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    I think there will be need for point defence fighters for a long time dude. Let's face it, we just don't have the money to run a full medium+ Heavy class force. Else the bisons won't have continued for so long. And as our cities grow and get more GDP, the protection role will become even more intense. Forget wartime, even in peacetime we will need LCAs buzzing over major cities like Mumbai on regular sorties as active protection measures. Under the circumstances it looks like a vey very good way to maintain low Opex yet give superb security.
     
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  8. Sancho

    Sancho Lt. Colonel Technical Analyst

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    That has nothing to do with the size or weight class of the fighter that you develop, since it's not about range alone, but internal space for systems, or weapon load capabilities. PLAAF for example has medium class J10 next to heavy class Flankers, while Russia fields medium class Mig 29 varients, next to Flankers. Only India has the light, medium, heavy mix for modern fighters.

    There is nothing like a point defence fighter, because that's only a role that can be done by different fighters. But light class fighters offer limited capabilities, therefor usually are used for low end roles like point defence or CAS.

    That might be the case and as I said, that might had been one of the main reasons to go for a light class fighter, but we were talking about the future 2025 and beyond time frame and when you want a cost-effective alternative to very expensive 5th gen fighters, you take medium class 4.5th gen fighters, to not suffer too much loss in operational capabilities. The capability gap between an AMCA to LCA MK2 is simply too large, to be useful.
     
  9. Vijyes

    Vijyes BANNED BANNED

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    Question 1) what is that huge difference between LCA Mk2 and AMCA that will make LCA problematic?
    2) Why is LCA a point defence system with respect to pakistan? Pakistan width is 300km. LCA Mk2 has ferry range without external fuel is 1700km and Pakistan can be easily covered.
    3) LCA has payload of 3.5ton with 8 hard points after 2.5 ton of fuel. A 100kT nuke comes at 100kg weight. Astra is 160kg weight. Conventional bunker busters are around 250kg weight. Subsonic cruise missiles weigh about 500kg and Anti radiation missile weighs 150-200kg. Though all hardpiints can't carry same weight, 2 hard points under fuselage and 2 hardpoints, 1 under each wing can carry 1 ton 500kg.What is your problem here?

    India has a mix of light medium and heavy as it imports planes and not manufactures it. Indian intention is to replace all planes to Tejas and AMCA eventually.

    What exactly is the need for FGFA when there is AMCA? Are we intending to fight from long distance bases like aircraft carriers?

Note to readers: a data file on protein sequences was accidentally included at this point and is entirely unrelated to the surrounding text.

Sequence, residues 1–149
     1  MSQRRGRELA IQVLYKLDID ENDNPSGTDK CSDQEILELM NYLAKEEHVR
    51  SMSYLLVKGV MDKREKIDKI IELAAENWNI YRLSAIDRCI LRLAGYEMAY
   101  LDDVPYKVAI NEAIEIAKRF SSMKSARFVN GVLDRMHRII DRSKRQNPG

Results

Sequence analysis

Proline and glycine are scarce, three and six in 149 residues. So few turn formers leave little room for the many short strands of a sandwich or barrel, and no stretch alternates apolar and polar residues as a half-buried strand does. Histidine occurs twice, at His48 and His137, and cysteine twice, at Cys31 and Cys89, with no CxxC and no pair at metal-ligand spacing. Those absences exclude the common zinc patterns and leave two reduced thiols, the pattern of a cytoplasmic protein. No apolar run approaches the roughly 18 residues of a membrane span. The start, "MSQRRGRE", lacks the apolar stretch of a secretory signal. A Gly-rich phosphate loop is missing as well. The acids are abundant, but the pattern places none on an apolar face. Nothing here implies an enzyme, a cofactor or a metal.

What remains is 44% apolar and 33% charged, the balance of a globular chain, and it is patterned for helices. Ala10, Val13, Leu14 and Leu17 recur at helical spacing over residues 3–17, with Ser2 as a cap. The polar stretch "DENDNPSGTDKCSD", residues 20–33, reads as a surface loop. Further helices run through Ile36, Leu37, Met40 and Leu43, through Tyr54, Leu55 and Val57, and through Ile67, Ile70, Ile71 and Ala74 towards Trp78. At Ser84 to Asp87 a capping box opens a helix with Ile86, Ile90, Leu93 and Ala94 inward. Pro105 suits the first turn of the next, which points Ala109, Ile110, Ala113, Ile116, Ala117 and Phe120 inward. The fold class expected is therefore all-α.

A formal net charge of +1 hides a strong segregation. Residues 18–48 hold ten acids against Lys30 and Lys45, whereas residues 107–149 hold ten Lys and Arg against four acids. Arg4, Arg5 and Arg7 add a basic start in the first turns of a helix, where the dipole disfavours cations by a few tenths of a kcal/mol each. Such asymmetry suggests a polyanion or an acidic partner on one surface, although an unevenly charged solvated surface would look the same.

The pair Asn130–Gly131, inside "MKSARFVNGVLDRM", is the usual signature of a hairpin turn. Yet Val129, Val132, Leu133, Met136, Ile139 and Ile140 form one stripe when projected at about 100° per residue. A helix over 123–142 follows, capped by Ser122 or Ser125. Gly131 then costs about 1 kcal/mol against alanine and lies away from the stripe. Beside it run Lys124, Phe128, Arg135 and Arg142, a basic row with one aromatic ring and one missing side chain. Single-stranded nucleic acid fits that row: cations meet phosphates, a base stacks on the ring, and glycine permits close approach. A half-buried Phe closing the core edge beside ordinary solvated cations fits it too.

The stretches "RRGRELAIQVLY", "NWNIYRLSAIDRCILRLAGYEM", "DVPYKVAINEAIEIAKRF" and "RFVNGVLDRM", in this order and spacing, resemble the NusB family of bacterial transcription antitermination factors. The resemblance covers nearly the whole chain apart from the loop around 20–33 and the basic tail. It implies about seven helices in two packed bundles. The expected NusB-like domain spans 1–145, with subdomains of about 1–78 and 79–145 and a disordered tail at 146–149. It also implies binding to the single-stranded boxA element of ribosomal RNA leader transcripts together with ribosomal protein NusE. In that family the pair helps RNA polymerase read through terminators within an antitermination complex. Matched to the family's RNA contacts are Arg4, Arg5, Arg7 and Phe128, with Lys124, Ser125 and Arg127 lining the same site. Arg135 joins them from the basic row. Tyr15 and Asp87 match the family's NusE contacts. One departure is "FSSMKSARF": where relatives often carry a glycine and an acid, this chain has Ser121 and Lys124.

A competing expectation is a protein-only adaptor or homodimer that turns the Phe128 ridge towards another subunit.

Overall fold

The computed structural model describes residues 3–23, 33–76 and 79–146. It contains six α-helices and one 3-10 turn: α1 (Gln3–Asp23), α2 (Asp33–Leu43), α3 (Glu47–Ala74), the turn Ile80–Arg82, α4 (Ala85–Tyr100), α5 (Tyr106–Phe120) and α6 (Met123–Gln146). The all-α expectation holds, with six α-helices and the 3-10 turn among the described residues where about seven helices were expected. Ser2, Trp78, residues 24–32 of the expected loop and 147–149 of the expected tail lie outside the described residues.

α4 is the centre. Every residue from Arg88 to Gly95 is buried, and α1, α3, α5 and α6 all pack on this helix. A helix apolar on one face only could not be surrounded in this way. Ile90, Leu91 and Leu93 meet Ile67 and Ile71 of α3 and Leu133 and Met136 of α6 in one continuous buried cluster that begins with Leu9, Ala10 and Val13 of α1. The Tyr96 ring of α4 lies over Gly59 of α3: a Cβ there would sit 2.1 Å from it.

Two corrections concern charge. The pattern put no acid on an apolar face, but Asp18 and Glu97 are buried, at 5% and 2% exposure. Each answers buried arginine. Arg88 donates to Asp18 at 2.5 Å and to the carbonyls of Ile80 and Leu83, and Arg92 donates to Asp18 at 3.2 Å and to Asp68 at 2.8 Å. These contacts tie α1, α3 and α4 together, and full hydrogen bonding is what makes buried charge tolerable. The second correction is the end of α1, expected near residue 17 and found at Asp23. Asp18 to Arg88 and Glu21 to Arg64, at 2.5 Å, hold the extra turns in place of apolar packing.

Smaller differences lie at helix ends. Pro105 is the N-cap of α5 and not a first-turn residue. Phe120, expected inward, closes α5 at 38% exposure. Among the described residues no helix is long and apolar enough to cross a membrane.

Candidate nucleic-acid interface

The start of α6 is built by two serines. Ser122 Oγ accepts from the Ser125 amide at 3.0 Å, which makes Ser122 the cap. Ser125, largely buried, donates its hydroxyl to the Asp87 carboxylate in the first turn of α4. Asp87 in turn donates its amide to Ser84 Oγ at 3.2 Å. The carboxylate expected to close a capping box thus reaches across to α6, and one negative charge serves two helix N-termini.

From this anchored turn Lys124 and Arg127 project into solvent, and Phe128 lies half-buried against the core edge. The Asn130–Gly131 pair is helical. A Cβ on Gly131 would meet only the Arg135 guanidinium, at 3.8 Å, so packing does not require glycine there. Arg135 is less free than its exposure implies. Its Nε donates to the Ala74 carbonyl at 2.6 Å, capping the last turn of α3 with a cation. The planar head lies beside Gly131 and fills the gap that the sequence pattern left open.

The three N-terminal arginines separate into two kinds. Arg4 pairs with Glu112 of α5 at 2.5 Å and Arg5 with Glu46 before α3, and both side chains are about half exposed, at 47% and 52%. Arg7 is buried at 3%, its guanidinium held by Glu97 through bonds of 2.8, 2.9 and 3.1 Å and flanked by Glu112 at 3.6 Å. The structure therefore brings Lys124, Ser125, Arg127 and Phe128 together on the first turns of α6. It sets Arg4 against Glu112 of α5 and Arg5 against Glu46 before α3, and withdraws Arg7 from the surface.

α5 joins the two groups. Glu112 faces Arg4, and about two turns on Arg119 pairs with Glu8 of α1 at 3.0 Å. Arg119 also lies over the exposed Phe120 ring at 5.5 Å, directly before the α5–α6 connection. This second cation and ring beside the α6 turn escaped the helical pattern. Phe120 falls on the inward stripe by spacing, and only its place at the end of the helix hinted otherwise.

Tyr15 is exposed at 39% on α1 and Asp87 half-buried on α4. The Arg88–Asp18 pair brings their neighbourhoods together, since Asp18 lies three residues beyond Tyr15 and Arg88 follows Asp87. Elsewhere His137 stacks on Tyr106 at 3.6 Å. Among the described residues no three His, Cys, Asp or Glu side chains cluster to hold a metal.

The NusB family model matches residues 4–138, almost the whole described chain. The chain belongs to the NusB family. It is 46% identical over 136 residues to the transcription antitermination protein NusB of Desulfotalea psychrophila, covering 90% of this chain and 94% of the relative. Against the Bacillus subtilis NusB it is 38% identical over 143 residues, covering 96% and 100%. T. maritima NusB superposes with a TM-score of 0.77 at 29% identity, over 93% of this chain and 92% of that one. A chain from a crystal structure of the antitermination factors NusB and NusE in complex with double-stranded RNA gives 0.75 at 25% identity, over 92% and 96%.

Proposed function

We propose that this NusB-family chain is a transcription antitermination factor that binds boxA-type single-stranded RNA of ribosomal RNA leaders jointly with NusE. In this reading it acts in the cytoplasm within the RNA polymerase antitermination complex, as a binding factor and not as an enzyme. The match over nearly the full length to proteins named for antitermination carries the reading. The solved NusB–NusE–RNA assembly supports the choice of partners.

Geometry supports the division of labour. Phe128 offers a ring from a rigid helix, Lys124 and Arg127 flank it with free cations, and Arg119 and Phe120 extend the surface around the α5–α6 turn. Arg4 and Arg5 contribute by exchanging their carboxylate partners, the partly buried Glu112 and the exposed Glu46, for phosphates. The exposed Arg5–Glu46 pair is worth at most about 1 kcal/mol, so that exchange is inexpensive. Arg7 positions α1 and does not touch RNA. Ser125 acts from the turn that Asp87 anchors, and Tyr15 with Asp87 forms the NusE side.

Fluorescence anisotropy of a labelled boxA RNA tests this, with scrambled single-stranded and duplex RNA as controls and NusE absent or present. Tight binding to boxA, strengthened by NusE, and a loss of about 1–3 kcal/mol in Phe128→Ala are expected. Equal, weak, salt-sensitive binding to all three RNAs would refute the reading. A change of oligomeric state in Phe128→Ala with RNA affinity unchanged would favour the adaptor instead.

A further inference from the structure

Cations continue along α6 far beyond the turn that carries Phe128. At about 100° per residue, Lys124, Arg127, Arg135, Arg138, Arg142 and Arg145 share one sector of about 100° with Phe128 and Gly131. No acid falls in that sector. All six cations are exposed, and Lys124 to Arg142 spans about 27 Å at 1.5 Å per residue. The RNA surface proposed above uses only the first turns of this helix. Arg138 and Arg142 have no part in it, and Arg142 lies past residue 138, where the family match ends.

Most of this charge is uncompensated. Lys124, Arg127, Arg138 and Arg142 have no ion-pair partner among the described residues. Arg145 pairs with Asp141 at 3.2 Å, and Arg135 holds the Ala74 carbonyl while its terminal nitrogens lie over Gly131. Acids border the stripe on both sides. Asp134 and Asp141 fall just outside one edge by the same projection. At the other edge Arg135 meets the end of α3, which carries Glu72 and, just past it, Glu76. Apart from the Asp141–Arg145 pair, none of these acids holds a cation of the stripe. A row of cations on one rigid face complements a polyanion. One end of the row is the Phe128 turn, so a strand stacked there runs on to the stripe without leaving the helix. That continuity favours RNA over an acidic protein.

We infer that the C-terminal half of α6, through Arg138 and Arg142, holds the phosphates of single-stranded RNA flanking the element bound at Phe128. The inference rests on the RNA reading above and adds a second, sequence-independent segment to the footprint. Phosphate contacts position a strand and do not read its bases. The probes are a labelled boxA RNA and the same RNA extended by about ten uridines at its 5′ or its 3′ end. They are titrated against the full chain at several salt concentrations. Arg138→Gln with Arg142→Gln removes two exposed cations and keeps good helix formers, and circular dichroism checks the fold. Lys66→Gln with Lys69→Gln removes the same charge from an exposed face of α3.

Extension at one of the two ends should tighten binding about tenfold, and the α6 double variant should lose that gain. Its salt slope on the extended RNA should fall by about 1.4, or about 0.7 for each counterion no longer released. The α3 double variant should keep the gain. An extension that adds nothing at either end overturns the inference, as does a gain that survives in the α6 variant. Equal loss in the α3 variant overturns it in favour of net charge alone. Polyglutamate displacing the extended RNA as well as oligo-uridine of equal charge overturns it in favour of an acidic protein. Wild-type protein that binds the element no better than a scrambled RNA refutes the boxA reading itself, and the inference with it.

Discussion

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  10. Vijyes

    Vijyes BANNED BANNED

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    Do you know what is the meaning of point defense system? Tejas is not MiG25. Tejas is a multirole plane. Point defense doesn't apply if the target is close to the airbase or if the plane is sufficiently maneuverable. Tejas is maneuverable with high initial maneuverability but poor maneuverability later on due to delta wing design. But, in general, Tejas is maneuverable and can't be simply called point defense system

    Pakistan width is 300km. So, even Tejas can successfully bomb a 4-5 points, take out a plane with BVR and come back in case of war with Pakistan. In case of china, things can differ but that is because Chinese mainland is 1500km from Indian border. The only response to chinese threats is ballistic missiles
     
  11. Sancho

    Sancho Lt. Colonel Technical Analyst

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    Apart from stealth, being a class below. LCA can't carry the same weapon loads as medium class fighters, doesn't offer the operational range and endurance, and the MK1A will lack behind most MMRCAs in terms of EW and sensor capability too. Having an AESA radar doesn't make even the radar equally capable, because it's size is most likely smaller. So MK2 won't be able to match the performance of medium class fighters of the same generation, let alone 5th gen fighters.
    First of all it's not developed and nobody knows the MK2 range. Secondly, the ferry range is the distance the fighter can travel from point A to B with maximum fuel but no weapons.
    The combat radius is the important figure and because LCA has just limited fuel, IAF insisted on in flight refuelling capability, to increase it's low endurance and range.

    LCA has only 1 weapon station below the fuselage, the other hard point is for pods.
    It also flies nowhere without external fuel tanks, which occupies the inner wingstations. The external wing stations will be blocked by SR missiles or self protection jamming pods.
    That leaves only 2 mid wing stations for 2 bombs in the MK1 + a 3rd bomb on the centerline station for the MK1A if payload will be increased. However there won't be hard points left for BVR missiles, which leaves LCA as vulnerable as a Jaguar, while most modern multi role fighters have enough hardpoints to carry A2A and strike loads at the same time.

    Payload is just a paper figure and doesn't mean anything, without a useful number of weapon stations!

    FGFA is needed exactly because AMCA will not be available till 2030 or later.
     
  12. Guynextdoor

    Guynextdoor Lt. Colonel SENIOR MEMBER